Middle East demand for IT professionals spiraling
A rising need for IT professionals coupled with a short supply in local talent is impeding organizations’ migration efforts towards emerging technologies, according to industry experts.
“Manpower is not progressing at the same speed as technological development, and this is due to a number of challenges, including education and interest. As a result, local organizations are finding difficulty in recruiting IT professionals with the technical knowledge and skillset required to fulfill their job requirements,” said Andrew Calthorpe, CEO of award-winning data storage and protection firm, Condo Protego.
“In order to ensure a sustainable recruitment model, there is a critical need for homegrown IT professionals. This should start from the grassroots, from motivating students to pursue the profession as a career, to ensuring an adequate educational infrastructure is in place.”
A 2013 report by the International Data Corporation (IDC) showed that emerging networking technology skills, such as those required for cloud computing, mobility, and virtualization, represented 38.4 percent of the total networking skills gap in 2012, growing to 46.3 percent in 2016.
Within this group of skills, the IDC estimated in 2012 a shortage of around 18,421 full time equivalents (FTEs), IT professionals spending all of their work time working with networking technologies, with the gap increasing to 60,144 in 2016. As these technologies ramp up and gain a strong foothold within organizations across the region, demand for these skills will result in the gap widening at a compound annual growth rate of 34.4 percent between 2012 and 2016.
The total networking skills gap, an aggregation of essential and emerging networking skills, was estimated to be 47,945 FTEs in the surveyed countries, with the number rising to 129,862 by 2016.
The report also reflected a high demand for IT security skills – when asked what new or extra skills would be required in the next 12 to 24 months, 69.3 percent of respondents indicated that they would require more security skills.
“Security is of the utmost importance in the region given the recently reported threats and security breaches. Even if companies continue to hire expatriate workers, the transient work environment in the UAE will continue to make recruitment a challenge,” Calthorpe said.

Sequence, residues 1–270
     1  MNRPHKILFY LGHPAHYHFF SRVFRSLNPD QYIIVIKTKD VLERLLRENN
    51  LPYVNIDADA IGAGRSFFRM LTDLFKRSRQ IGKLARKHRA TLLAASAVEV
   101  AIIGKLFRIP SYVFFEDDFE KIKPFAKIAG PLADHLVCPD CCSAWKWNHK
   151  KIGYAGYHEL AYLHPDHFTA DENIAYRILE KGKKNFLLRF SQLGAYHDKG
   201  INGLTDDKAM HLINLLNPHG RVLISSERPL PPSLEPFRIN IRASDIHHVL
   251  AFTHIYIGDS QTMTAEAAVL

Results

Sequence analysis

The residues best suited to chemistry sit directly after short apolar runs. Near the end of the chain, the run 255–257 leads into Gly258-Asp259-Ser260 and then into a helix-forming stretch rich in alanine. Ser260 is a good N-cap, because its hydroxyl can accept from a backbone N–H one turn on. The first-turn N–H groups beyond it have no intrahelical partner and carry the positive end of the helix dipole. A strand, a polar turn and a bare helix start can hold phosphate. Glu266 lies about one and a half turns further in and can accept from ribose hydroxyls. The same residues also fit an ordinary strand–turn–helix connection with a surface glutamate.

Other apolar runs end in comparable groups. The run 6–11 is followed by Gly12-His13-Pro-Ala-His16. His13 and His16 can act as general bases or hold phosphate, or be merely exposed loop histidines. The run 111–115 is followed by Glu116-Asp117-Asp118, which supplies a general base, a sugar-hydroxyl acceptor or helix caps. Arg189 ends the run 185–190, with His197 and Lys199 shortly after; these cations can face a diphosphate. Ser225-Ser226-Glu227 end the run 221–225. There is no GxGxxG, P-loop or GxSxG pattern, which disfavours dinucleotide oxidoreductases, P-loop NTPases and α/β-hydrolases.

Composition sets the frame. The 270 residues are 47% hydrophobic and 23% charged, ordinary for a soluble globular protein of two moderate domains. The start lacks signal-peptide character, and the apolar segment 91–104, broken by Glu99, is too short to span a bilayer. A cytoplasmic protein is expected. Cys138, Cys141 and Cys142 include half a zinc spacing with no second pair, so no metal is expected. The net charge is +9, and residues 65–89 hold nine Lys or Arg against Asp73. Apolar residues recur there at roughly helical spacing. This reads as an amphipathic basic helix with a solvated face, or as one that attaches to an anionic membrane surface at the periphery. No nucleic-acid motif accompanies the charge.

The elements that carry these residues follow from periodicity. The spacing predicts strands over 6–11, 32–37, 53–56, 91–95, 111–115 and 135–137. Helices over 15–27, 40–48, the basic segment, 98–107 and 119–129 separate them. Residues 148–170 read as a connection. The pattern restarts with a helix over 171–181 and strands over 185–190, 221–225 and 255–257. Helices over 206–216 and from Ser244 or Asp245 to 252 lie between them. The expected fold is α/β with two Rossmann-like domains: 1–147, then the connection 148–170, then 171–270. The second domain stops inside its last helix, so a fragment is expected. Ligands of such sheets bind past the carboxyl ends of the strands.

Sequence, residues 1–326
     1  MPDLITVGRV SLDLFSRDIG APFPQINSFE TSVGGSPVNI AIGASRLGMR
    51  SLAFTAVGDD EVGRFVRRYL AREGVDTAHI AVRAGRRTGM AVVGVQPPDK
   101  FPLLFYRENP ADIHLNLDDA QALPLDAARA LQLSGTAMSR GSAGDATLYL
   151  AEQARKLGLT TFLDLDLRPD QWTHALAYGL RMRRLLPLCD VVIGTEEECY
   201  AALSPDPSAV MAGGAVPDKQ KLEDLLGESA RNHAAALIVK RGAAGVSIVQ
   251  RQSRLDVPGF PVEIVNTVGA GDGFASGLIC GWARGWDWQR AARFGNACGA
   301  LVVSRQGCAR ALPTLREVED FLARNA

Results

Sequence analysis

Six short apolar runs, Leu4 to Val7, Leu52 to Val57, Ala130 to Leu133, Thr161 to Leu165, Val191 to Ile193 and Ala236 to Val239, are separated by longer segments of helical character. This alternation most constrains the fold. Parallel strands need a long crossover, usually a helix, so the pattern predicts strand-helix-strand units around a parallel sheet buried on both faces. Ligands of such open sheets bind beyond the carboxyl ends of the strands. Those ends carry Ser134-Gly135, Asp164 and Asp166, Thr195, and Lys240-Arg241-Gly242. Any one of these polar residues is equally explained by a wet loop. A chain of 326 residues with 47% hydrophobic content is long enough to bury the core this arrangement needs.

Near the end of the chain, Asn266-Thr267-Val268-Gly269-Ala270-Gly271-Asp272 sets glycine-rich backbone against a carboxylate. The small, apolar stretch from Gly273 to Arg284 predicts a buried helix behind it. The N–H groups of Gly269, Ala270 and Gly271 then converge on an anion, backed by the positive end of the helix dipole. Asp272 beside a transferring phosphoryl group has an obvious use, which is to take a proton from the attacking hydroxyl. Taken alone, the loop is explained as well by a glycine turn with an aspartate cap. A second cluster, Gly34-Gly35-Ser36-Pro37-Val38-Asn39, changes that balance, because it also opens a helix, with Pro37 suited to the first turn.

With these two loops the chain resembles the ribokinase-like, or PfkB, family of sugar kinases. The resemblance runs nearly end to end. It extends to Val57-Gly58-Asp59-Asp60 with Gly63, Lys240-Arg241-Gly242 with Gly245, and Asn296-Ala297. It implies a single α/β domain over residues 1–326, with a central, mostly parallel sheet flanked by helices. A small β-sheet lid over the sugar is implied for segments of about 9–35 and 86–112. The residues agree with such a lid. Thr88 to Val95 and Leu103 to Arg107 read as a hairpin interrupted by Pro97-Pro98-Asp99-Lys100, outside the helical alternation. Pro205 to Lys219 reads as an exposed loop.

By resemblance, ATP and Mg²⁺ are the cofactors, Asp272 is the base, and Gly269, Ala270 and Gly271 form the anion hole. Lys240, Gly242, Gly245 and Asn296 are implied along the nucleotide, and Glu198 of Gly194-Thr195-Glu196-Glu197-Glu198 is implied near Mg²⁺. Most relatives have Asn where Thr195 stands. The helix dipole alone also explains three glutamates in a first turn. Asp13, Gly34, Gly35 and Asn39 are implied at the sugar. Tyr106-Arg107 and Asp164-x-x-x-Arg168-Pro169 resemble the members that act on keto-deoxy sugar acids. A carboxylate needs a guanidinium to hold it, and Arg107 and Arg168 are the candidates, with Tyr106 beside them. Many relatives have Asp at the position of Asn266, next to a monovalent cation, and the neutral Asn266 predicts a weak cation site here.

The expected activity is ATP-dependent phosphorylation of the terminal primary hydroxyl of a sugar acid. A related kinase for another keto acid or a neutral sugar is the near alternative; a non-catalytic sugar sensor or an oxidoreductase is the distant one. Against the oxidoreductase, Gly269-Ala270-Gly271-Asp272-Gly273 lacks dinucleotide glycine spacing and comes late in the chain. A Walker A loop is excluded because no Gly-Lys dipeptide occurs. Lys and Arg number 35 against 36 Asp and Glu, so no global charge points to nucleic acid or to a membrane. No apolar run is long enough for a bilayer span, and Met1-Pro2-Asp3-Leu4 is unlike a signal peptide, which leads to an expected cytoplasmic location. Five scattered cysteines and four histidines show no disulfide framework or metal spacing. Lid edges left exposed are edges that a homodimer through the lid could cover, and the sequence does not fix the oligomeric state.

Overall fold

“We need a stable workforce that is here to stay, and that is why local talent is a must. IT is constantly evolving, making it an exciting and challenging field to work in. But for youngsters to pursue it as a career, they first need to understand their options.”
With IT spending in the Middle East set to exceed US$32 billion this year, the skills gap is expected to widen in the region, according to 2014 predictions by IDC.
A lack of available skills around third platform technologies, such as mobility, analytics, cloud, and social media, as well as enabling technologies, such as security and virtualization, will place substantial pressure on IT providers and end-user organizations, according to the IDC predictions. Much of the skillset will continue to come from expatriates as the availability of local information and communications technology workers will remain relatively limited.
In the UAE, experts say this gap can largely be attributed to a limited skilled workforce.
“Some of the key reasons behind the skills gap are the smaller outflow of Emirati graduates from universities in the UAE, less interest among Emirati nationals to pursue higher/advanced IT education, and the lack of research, development, and innovation in the field,” said Saurabh Verma, Program Manager, IT Services, Middle East, Africa and Turkey, IDC.
“Taking necessary steps to attract more students to pursue an IT education and career will be pivotal to meeting this growing demand,” Verma added. “In addition, strengthening the syllabus and generating awareness about careers in IT at school level will further entice students to pursue advanced IT courses, which in turn will help bridge this gap in the long term.”
A 2012 IDC White Paper sponsored by Microsoft Corp showed that global demand for “cloud-ready” IT workers will grow by 26 percent annually through 2015, with as many as 7 million cloud-related jobs available worldwide. According to the study, IT hiring managers report that the biggest reason they failed to fill 1.7 million open cloud-related positions in 2012 was because job seekers lacked the training and certification needed to work in a cloud-enabled world.
Globally, almost two-thirds of enterprises are planning, implementing or using cloud computing, and more than 50 percent of businesses agree that cloud computing is a high priority. — SG
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